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thHere’s today’s neologism, and it’s a great one: “pre-solvent.” It comes from a comment on one a Money Talks News article called “The real reason Americans struggle to save.”

The article cited a couple of surveys that put the fault not in our stars, but in our cards: “Lifestyle spending” and “lack of financial discipline” kept anywhere from 44 to 71 percent of respondents living paycheck to paycheck and/or prevented them from achieving financial goals.

I’d like to point out that underemployment, lack of education and impossible-to-pay medical bills can also hinder the ability to save. But I agree that the “buy now, figure out how to pay for it later” attitude is definitely nudging some folks toward insolvency.

Which brings us to pre-solvency. A commenter named “Y2K Jillian” writes that she and her husband lived paycheck to paycheck for years and loathed the lifestyle. But change happened.

How? “Gradually, gradually.” Which is how I’d bet it happens for a lot of people.

 


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StartbloggingRecently I added a sixth way to enter the giveaways on this site: subscribing to my Write A Blog People Will Read newsletter. The weekly(ish) newsletter is writing-focused, but that doesn’t mean that non-writers shouldn’t read it.

Sure, it includes info like how much freelancers should charge and why blogging matters. But general-interest topics show up as well, such as why walking can change a bad day, how “Moose: The Movie” can inspire us all and the ways that fear can actually be good for people.

So even if you aren’t itching to start your own website, give the newsletter a try. Here’s how to do it:

  • Go to WriteABlogPeopleWillRead.com/blog.
  • Look for the “Free Writing Tips” box on the right-hand side.
  • Enter your name and e-mail address and you’ll be subscribed.

Every time you enter a Surviving and Thriving giveaway, be sure to leave a separate comment stating that you’re a newsletter subscriber. It’s just one more chance to win.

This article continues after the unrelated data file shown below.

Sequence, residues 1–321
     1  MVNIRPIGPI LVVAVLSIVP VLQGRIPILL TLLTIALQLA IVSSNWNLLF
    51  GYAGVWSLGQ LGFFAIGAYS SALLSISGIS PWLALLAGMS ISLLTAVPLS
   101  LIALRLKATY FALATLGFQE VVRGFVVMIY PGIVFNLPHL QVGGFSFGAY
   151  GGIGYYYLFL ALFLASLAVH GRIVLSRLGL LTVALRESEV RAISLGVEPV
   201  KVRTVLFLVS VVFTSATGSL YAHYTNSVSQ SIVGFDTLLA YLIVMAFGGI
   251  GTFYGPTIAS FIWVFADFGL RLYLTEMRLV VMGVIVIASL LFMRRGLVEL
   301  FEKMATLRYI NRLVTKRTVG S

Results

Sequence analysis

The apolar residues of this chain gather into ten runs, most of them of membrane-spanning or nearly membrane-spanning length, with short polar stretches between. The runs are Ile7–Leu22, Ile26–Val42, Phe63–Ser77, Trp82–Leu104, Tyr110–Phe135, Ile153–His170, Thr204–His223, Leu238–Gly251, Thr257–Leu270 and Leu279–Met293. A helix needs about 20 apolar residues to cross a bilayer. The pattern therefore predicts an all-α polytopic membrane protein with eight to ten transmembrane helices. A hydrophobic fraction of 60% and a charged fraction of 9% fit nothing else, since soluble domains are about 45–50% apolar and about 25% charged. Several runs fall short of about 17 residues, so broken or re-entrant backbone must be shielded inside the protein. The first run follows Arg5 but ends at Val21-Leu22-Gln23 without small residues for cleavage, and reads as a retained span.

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th-1If money is piling up in your checking account, here’s one way to divest yourself of the burden: Ignore both the manufacturer’s suggested maintenance tips and the “check engine” light.

According to CarMD.com, a faulty oxygen sensor is the most common reason for that check-engine light to pop up on the dashboard. The fix could be as simple as changing out a dirty air filter, but you could also be on the hook for a $259.30 (on average) sensor replacement.

Some folks push the envelope on maintenance visits or ignore the manufacturer guidelines entirely. They think that’s frugal, but it isn’t.

The oxygen sensor is a good example. Sure, you’ll save almost $260 by not fixing it. But you’ll pay for it in other ways. Expensive ways.

 


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thWhat’s the weirdest thing you ever did to save money? That’s a question that the GO Banking Rates blogger Christine Lavignia asked of me and 29 other personal finance writers. Here’s my answer:

“As a 21-year-old single mom, I was a clerk at a big-city newspaper, where an editor would ask me to run to the cafeteria for coffee for reporters, ‘and get something for myself, too.’

I would pocket the 35 cents it cost to buy an orange drink and purposely get more sugar packets than necessary; that way, I’d get an extra buck or so a week (these were 1979 dollars) plus sugar to take home for my oatmeal.

“I don’t know about ‘weird,’ but it’s certainly sad. … Just one more reminder that since I had very few resources, I’d better be creative about meeting needs for myself and my baby. My various hand-to-mouth coping strategies were pretty useful much later, when I was a mid-life college student and broke divorcee.”

Edited for clarity: I would get two or three sugars per cup of coffee. Some reporters used that much, others didn’t. At times certain writers would cut back to zero sugars for a while (maybe because they wanted to lose weight). No matter what, most weeks I brought at least a few sugar packets home.

The other answers can be seen at “The weirdest thing I did to save money.” In my opinion only a few of them are truly weird.

My favorite? “I scrounged in the Lost and Found for a free swimsuit.”


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How to avoid takeout.

thYesterday I woke up with this phrase in my head: “Something about the bridge.” Not the conveyance type of bridge, but the kind in my mouth.

Unfortunately, my dentist appointment proved that my precognitive flash was correct. The X-rays showed decay in a place that can’t be fixed unless the dentist removes the cantilevered bridge (aka a “Maryland bridge”) to do it.

That bridge was on borrowed time anyway. It was installed 31 years ago. When I said as much, the dentist’s eyes widened. It’s had an impressive run, but time for it to go. And for a crown to be placed on that tooth.

My self-funded dental insurance covers only preventive work like X-rays and cleaning. The work needed will run a little over $1,200 if I pay by check. Which I will, of course.

My decidedly non-frugal reaction was to say, “Let’s go out to eat.” You can see that I wasn’t thinking clearly.


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